Thank you, Mr. Chair.
> We wish to join the co-sponsors of this resolution in condemning extrajudicial, summary or arbitrary executions against all persons, irrespective of their status. We agree that all States have obligations to protect human rights and fundamental freedoms and should take effective action to combat all extrajudicial killings and punish the perpetrators. We agree that countries such as ours, which have capital punishment, should abide by their international obligations, including those related to due process, fair trial, and use of such punishment for only the most serious of crimes. We strongly agree with the language condemning extrajudicial killing that targets vulnerable groups, particularly those targeted on account of their sexual orientation or gender identity. Indeed, we agree with much of the text of this resolution. >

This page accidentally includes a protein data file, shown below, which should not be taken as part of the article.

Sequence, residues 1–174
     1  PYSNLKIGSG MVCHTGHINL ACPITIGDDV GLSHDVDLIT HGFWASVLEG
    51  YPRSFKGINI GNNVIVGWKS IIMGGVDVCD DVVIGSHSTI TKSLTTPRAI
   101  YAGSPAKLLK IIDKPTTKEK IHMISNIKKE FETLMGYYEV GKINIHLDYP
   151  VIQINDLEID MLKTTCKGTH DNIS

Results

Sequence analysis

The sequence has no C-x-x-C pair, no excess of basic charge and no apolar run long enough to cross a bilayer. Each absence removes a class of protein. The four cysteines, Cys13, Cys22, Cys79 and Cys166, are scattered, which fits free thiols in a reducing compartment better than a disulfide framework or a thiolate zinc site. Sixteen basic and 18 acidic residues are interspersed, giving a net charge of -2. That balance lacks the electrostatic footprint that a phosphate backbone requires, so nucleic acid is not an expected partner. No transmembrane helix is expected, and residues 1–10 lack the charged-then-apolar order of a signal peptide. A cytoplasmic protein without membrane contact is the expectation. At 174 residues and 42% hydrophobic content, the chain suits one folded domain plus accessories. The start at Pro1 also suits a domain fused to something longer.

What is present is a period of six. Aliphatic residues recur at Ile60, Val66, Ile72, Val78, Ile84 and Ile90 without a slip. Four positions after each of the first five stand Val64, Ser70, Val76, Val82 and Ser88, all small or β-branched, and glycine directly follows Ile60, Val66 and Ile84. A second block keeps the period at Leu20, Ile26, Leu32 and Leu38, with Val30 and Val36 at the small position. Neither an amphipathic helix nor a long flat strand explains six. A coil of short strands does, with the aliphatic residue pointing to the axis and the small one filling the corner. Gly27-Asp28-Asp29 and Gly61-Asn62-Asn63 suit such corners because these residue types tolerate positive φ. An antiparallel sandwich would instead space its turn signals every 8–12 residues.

> We nonetheless have concerns about the language of the resolution in a few areas and, therefore, abstain on the resolution. Much as we deeply agree with the goals and sponsors of the resolution, we are not in a position to vote for a text that obscures that there are not one, but two bodies of law that regulate unlawful killings of individuals by governments – international human rights law and international humanitarian law. These two bodies of law are complementary and mutually reinforce one other. We also recognize that determining what international law rules apply to any particular government action during an armed conflict is highly fact-specific. However, the applicable rules for the protection of individuals and conduct of hostilities in armed conflict are primarily found in international humanitarian law. >
> The resolution as worded contributes to legal uncertainty about how these two important bodies of law apply to an array of factual circumstances.